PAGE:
People Networks, which handles equality and diversity questions within the BT Group, has narrowed its criteria for funding charities so it only assists projects that benefit BT's staff.
People Networks claims businesses' motivations for sponsoring charities are often arbitrary, and not directly related to the needs of their own employees.
The first initiative to be funded under its new Networks of Care scheme is an intranet site, managed by the National Childminding Association (NCMA) and mothers' charity Netmums, which provides advice and information about childcare to BT employees who are working parents, lone parents or parents of disabled children. The portal will be launched later this year.
People Networks says that Networks of Care, developed alongside 40 charities including the RNIB, the RNID and Scope, will not affect the funding of other BT corporate social responsibility programmes. But it does hope it will become a model to be followed throughout the corporate sector, changing relationships between charities and their corporate sponsors.
"Having clear criteria for selecting charities will create a greater transparency and enable us to give more feedback to those whose proposals are refused," said Caroline Walters, director of People Networks. She does not believe the move will limit BT's contribution to wider society.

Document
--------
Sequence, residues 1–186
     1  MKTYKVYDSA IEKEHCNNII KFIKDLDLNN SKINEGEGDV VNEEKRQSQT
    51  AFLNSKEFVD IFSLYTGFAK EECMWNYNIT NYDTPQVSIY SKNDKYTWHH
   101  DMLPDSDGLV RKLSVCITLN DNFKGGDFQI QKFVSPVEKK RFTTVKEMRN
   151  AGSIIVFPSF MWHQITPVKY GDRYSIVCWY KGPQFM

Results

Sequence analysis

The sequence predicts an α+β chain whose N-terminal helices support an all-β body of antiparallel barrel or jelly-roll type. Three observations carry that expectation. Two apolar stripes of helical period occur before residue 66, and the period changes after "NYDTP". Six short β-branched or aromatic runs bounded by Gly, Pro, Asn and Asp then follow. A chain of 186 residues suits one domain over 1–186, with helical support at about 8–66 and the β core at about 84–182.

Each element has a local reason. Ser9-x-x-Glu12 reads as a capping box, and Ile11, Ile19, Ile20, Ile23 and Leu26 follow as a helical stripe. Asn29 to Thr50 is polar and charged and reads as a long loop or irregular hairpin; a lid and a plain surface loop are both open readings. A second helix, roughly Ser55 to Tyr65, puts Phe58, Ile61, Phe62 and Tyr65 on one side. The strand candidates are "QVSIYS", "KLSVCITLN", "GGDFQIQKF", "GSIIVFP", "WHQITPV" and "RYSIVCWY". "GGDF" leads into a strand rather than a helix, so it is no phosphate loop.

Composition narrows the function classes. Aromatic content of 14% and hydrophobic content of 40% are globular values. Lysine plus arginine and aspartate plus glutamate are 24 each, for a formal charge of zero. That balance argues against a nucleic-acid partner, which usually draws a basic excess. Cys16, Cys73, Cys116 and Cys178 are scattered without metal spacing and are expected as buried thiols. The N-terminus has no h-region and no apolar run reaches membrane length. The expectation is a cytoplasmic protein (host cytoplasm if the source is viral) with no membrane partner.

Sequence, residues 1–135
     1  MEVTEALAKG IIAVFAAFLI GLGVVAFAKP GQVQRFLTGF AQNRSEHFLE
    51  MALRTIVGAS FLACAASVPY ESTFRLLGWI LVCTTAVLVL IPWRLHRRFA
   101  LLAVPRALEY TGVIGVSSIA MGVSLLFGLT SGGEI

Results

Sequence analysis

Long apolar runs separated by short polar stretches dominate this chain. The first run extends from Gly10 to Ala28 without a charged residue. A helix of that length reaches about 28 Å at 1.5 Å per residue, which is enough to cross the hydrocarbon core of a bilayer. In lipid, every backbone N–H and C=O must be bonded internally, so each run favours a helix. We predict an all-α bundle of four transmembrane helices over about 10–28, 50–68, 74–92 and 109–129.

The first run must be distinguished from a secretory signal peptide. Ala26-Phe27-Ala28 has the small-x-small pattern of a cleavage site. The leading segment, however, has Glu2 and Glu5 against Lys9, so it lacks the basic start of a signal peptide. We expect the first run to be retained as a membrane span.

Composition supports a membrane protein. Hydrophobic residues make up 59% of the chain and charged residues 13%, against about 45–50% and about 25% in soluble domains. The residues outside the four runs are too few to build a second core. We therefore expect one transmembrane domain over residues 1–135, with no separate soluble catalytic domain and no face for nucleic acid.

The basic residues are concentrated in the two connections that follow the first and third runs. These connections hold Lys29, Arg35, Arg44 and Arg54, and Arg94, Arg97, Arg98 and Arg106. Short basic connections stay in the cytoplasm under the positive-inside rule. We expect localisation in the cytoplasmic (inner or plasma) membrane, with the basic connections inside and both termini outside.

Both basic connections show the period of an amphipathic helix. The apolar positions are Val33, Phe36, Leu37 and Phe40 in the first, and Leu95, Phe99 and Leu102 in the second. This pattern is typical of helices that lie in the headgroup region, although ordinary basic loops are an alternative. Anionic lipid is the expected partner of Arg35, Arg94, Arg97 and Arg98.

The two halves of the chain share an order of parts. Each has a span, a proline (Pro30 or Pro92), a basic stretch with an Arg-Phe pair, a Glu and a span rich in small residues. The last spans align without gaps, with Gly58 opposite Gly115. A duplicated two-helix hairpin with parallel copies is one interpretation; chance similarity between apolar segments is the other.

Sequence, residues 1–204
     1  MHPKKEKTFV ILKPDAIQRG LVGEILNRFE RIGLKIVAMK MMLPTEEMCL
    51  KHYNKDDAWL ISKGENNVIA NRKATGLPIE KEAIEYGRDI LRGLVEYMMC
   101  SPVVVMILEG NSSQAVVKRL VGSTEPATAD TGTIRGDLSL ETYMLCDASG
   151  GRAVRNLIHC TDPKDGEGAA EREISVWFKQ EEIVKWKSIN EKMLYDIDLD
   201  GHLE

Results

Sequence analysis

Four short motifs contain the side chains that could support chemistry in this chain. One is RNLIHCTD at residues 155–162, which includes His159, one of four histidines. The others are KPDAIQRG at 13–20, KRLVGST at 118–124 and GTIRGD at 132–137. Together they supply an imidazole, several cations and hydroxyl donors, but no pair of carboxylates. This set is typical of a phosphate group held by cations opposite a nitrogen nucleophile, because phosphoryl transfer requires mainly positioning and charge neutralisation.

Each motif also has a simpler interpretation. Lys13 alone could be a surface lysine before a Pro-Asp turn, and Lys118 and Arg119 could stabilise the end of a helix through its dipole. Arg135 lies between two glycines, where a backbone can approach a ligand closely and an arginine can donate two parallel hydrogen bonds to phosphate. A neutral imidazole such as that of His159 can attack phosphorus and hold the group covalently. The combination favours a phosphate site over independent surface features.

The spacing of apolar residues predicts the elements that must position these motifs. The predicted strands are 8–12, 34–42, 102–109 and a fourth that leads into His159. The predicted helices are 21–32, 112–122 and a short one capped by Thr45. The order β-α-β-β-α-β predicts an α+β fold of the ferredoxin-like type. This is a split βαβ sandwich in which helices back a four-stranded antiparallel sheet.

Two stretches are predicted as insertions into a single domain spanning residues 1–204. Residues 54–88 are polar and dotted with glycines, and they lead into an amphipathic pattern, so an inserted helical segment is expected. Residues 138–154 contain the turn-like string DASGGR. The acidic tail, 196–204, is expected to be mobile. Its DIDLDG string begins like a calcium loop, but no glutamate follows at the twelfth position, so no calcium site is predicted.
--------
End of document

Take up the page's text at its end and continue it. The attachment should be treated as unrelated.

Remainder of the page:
But Friends of the Earth corporate accountability campaigner Craig Bennett said the scheme should be seen as an example of good employer practice, rather than of socially responsible practice. He said: "It is a good idea, but my concern is whether they are going to present it as an HR service or as a charitable deed, which would be wrong."
The NCMA and Netmums both claim that Networks of Care brings mutual benefits.
"Being associated with a company such as BT gives credibility to all the information we provide online," said Sally Russell, co-director of Netmums.
"They have also donated money to allow us to explore partnerships and share information with other professionals."
A spokesman from the NCMA said the online training facility for child-minders that BT helped to fund would increase its membership while improving the quality of services offered to BT employees.